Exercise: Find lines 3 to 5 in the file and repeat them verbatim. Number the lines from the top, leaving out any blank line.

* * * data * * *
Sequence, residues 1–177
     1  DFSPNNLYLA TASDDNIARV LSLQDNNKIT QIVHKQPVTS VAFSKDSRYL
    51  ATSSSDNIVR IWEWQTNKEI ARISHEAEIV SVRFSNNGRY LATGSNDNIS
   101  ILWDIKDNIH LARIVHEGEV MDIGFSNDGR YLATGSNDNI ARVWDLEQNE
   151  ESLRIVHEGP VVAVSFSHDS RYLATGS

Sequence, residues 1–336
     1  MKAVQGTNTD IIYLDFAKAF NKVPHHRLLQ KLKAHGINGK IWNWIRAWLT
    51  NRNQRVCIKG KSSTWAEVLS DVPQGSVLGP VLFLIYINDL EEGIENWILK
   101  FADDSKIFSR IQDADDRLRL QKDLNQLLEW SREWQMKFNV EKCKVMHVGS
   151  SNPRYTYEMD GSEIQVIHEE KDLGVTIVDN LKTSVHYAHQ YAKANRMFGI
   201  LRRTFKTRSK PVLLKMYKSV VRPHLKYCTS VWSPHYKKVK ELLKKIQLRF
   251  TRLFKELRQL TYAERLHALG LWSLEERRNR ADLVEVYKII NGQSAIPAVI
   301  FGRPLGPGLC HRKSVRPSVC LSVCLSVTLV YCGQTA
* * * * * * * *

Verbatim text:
    51  ATSSSDNIVR IWEWQTNKEI ARISHEAEIV SVRFSNNGRY LATGSNDNIS
   101  ILWDIKDNIH LARIVHEGEV MDIGFSNDGR YLATGSNDNI ARVWDLEQNE
   151  ESLRIVHEGP VVAVSFSHDS RYLATGS